Jared Cohen currently serves as an Adjunct Senior Fellow at the Council on Foreign Relations. He previously worked in the State Department, and was a close advisor to both Condoleezza Rice and Hillary Clinton. In January 2013, he was one of three members of the first high-level American delegation to North Korea following the death of Kim Jong-il. In 2013 he was named one of TIME’s 100 most influential people, and studied at Oxford University as a Rhodes Scholar.
This event is co-sponsored by the vice president of student affairs and the Silicon Valley Program at CMC.
The "Real" (and Reel) Monuments Men, the Gurlitt Cache, and the Continuing Challenges of Nazi Looted Art
WEDNESDAY, MARCH 5, 2014
The Nazis were not only the most systematic mass murderers in history, but arguably the greatest thieves. Recovering the property they stole and returning it to the rightful owners continues sixty-nine years after the end of World War II.
Two recent developments have drawn public attention to the on-going restitution work: George Clooney’s feature film The Monuments Men, which sports an all-star cast and a sizeable production budget; and the discovery of the Gurlitt cache, some 1,300 pictures concealed in a Munich apartment that were found in the possession of the son of a well-known art dealer. Both the film and the sensational discovery have had significant reverberations for those addressing the history of Nazi art looting and the Allies’ restitution work.
In his talk, CMC Professor Jonathan Petropoulos will discuss what we can learn from the Clooney film and the revelation of the Gurlitt pictures. He will then relate these observations to the present-day restitution work undertaken by national (and state) governments, by museums around the world, by collectors of art, and by victims of the Holocaust and their heirs.
Jonathan Petropoulos is the John V. Croul Professor of European History at CMC. He is the author of four monographs, including Art as Politics in the Third Reich (1996), The Faustian Bargain: The Art World in Nazi Germany (2000), and the forthcoming Artists Under Hitler: Collaboration and Survival in Nazi Germany (due out from Yale University Press in September). He also served as Research Director for Art and Cultural Property on the Presidential Commission on Holocaust Assets in the United States, and has been engaged as an expert witness in a number of Holocaust-era art restitution cases.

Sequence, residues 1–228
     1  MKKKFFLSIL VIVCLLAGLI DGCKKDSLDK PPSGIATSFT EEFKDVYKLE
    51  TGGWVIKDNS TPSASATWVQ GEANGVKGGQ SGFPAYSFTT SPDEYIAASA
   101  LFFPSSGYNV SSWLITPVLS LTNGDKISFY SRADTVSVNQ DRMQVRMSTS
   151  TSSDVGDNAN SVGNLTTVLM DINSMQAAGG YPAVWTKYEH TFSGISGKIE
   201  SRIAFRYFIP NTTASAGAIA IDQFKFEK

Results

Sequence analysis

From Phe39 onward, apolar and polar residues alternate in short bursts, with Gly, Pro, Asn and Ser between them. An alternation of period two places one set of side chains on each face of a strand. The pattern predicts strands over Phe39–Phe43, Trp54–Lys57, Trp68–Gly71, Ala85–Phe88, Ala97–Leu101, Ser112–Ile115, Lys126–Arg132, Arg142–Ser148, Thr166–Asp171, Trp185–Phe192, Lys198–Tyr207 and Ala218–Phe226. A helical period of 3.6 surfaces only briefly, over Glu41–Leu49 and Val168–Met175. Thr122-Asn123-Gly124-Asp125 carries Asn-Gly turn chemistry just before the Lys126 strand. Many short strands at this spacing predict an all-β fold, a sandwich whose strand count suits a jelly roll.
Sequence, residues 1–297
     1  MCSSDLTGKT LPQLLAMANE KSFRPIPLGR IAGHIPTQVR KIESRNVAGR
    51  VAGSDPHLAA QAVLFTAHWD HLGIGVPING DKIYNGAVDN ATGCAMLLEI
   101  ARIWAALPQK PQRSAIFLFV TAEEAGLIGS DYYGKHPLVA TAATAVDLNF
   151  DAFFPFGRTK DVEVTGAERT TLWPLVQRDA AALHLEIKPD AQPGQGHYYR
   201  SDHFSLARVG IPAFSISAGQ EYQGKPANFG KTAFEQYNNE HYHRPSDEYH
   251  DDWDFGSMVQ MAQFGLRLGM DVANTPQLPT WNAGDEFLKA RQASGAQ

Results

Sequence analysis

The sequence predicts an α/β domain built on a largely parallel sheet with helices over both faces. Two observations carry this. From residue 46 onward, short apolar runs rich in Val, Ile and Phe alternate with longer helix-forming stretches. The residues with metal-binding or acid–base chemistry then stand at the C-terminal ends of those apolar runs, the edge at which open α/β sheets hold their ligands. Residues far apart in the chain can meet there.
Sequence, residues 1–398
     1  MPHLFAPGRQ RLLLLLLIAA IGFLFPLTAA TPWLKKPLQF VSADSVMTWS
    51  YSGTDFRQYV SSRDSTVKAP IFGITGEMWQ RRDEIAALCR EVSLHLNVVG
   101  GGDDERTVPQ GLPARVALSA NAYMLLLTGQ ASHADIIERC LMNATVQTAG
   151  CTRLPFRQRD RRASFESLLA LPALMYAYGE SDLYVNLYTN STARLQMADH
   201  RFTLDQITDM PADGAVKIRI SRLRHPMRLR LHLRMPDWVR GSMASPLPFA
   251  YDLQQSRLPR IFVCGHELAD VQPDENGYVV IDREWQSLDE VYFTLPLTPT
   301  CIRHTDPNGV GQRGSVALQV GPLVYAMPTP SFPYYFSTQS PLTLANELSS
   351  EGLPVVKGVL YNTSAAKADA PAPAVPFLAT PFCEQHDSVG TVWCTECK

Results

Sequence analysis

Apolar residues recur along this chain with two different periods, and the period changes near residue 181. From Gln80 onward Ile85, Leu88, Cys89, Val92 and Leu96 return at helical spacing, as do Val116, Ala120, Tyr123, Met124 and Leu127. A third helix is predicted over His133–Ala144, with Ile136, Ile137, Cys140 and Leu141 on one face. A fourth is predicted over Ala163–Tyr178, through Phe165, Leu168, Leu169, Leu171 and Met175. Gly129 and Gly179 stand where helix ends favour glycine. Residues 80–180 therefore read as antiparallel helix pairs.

Muslim, Jewish and Christian Harmony in the Golden Age of Spain
THURSDAY, MARCH 6, 2014
LUNCHEON 11:30 a.m.; PROGRAM 12:00 p.m.
Yuval Ron is an internationally renowned World Music artist, composer, educator, peace activist and record producer. Graduating Cum Laude as a Film Scoring Major at Berklee College of Music in Boston, he has continuously researched various ethnic musical traditions and spiritual paths worldwide. Among his many honors, he composed the songs and score for the Oscar winning film “West Bank Story” in 2007, was the featured artist in the Gala Concert for the Dalai Lama's initiative Seeds of Compassion in the Seattle Opera Hall in 2008, and has collaborated with the Sufi leader Pir Zia Inayat Khan since 2006. His awards include the Los Angeles Treasures Award in 2004 and prestigious grants from the National Endowment for the Arts, American Composers Forum, California Council for the Humanities and the Rockefeller Foundation. Under his leadership, the internationally renowned music and dance group, The Yuval Ron Ensemble, has been actively involved in creating musical bridges between people of the Jewish, Muslim and Christian faiths and has been featured on CNN, National Geographic, and in the international press and media. Yuval Ron has produced field recordings in the Sinai Desert with the Bedouins, archival preservation recordings of the sacred Yemenite, Moroccan and Andalusian Jewish traditions, and an album of master musician Omar Faruk Tekbilek.
Yuval Ron takes us on a fascinating journey of the Oud (Middle Eastern Lute) from Baghdad, Irag, to Andalusia, Spain. This is the story of the master musician who brought the Oud to Spain and changed the music of Europe — an exploration of the Jewish and Arabic Music that originated from Andalusia and the 600 years of Muslim role in Spain, as well as the mutual influences between these traditions and the Christian music tradition of Spain.
The Yuval Ron Ensemble, promoting peace through music, is sponsored by Hillel at the Claremont Colleges.
SARAH JOHNSON REDLICH
THURSDAY, MARCH 6, 2014
Sarah Redlich is an executive producer, philanthropist, and an environmental and education activist. Redlich was the executive producer for both Miss Representation (2011), The Invisible War (2012), and the upcoming The Mask You Live In. Miss Representation, which Outstanding Documentary at the 2012 Gracie Allen Awards, explored the portrayal of women in the mainstream media and how it diminishes the influence of women in the public sphere.
As a former Portfolio and Operations Manager for Franklin Templeton, Redlich is active on the boards of St. Lawrence University, The Aspen Science Center, and Conservation International. Her philanthropy has financed the Law Students for Reproductive Justice and charities throughout Africa and India. Her social issue documentaries include Living in Emergency: Stories of Doctors without Borders (2008) and The Last Mountain (2011). Sarah founded the children’s clothing business, Spike & Annie.
Sarah Redlich’s visit to campus is sponsored by Berger Institute for Work, Family, and Children. The film Miss Representation will be screened throughout the afternoon in Freeberg Lounge at 12:00 p.m., 1:30 p.m., and 3:00 p.m. at the Athenaeum.
MARIAN MINER COOK ATHENAEUM